Math is your friend here. Do the math and figure out what specific grade you'll need to pass your course. Don't just think that you'd be able to pull out the average you need. The specificity of knowing the number will do two things for you....it will let you know if it's reasonable to think you can get that grade (ie, after the first exams you've been pulling mid 80's but you'd need a 96 to pull your grade up) but it also gives you a target to shoot for.

The other thing you might want to think about are the benefits to taking the class over again. It would give you another shot at that first material (not only grade wise, but understanding wise) and you could end up with a better grade on your transcript.

Peace,

CuriousMe

shann106

214 Posts

Specializes in Case management, occupational health.

I would study my a$$ off and bring my grade up. Is your final worth more than your regular exams? If so you could really rock the final and bring your grade up considerably.

caliotter3

38,333 Posts

Since the instructor said it was risky to continue, they were doing you a favor and giving you a hint. I would withdraw and take it again. The big advantage, you get the time between now and then to spend studying the material, AND you start over with a clean slate. You should be able to pull a B or an A on the first exam the second time around and might be able to get a good grade instead of just squeaking by. And you would get rid of the added pressure of coming from behind to stay afloat. Good luck.

AOx1

961 Posts

Specializes in ER, ICU, Education.

You also need to consider: where will your overall GPA be were you to not pass? For example, if you did end up with a D or an F in the course, exactly where would that leave your GPA? With that GPA, would you be able to get in to another nearby program? That should also be factored in.

As an instructor, I have seen both sides of the coin. The student who fails miserably in the beginning, comes in early, and really is determined and gains true mastery over the subject in the end (but really, this requires early intervention!)

Conversely, I have also seen the student who carries on in the same manner. Denial can be a powerful force in these cases- who doesn't just want to crawl in a corner when faced with a daunting task, even if only for a bit? I think you need a few more facts to make the best decision.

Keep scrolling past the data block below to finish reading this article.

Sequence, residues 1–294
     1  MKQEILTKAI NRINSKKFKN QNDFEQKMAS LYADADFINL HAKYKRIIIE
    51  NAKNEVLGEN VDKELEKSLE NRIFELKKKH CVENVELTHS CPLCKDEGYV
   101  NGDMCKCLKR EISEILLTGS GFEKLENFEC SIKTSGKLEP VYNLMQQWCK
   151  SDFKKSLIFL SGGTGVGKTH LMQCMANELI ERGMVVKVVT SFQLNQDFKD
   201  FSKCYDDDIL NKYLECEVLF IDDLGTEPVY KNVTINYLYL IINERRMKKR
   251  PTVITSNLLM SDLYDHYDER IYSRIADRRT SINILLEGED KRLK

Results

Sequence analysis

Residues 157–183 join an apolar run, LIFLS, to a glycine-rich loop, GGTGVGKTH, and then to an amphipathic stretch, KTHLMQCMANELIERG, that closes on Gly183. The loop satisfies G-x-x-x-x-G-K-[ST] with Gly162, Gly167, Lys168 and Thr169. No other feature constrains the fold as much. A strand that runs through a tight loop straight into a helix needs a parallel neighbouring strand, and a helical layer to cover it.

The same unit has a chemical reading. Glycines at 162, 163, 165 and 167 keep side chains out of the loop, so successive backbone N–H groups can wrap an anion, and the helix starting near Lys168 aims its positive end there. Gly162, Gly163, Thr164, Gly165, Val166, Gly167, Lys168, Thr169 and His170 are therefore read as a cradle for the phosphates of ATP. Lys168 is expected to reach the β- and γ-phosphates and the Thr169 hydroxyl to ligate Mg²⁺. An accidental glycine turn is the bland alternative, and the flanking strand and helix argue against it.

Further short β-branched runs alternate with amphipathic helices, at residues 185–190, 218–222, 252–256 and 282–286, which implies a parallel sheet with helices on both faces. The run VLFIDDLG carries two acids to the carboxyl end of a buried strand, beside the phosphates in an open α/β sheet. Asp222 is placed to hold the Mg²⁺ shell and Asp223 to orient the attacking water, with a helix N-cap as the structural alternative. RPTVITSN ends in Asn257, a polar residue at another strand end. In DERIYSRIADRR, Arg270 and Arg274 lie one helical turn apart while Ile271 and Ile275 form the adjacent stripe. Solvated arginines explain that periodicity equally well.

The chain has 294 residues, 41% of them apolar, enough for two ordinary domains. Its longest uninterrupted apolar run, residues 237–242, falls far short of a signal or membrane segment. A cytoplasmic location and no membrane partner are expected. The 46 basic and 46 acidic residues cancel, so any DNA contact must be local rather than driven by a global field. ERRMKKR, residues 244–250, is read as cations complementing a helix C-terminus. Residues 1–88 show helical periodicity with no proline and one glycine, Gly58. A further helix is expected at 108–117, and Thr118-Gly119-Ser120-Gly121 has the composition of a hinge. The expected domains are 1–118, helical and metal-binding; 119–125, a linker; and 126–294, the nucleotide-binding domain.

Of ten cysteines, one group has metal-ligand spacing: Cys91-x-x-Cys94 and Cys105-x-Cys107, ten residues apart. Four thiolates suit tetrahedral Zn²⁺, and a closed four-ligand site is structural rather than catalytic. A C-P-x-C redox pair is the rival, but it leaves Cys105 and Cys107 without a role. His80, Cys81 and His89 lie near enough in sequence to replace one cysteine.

Also, while being completely honest with yourself, do YOU feel that even if you were to bring the grade up to just passing that you would have adequate command of this knowledge to care for a patient (pretend it's for a friend or family member) in the way that I'm sure you would want to care for them? Certainly a lot of pharm is learned on the job, but it can be hard to do if you don't understand the foundations of pharm.

I would also consider looking at why you did not pass. Ask if you can review the exams thoroughly to determine if it was your knowlege of content, your test-taking skills, or something else that led to the problem. This way you won't repeat the same mistakes.

Most of all, don't give up. One failed class hardly means you can't be a good nurse. I see students with this view all the time and it just isn't true. Brush yourself off, make an informed choice that puts you at peace, and carry on.

I would also consider asking to talk to the admissions committee. I would think that you would impress them if you told them that you know now why you were not successful and that you have a plan in place to help you succeed in the future.

MissGwen

66 Posts

Oh, wow! That is a tough decision to make. A nail biter for sure!

It sounds like you have had three exams thus far and have one more "regular" exam to go plus the final, correct?

Ok. So, let's see. How much is each exam worth and how much is the final worth? What did you make on the first two exams?

Are there any other assignments other than exams that comprise your grade?

Oh, and will the final be questions taken from the previous exams or will it be all new questions?

Honestly ask yourself what do you need to do to raise your scores? What could you do differently from here on out?

:)

g

tailormade

4 Posts

I have decided to withdraw and re take Pharm in the fall. I really do not want to risk losing my seat and being kicked out of the program. Thank you all for your responses. You have really helped me out a lot! =)

Plus, I think if I take it over again, I will understand the material much better and be able to improve my grades.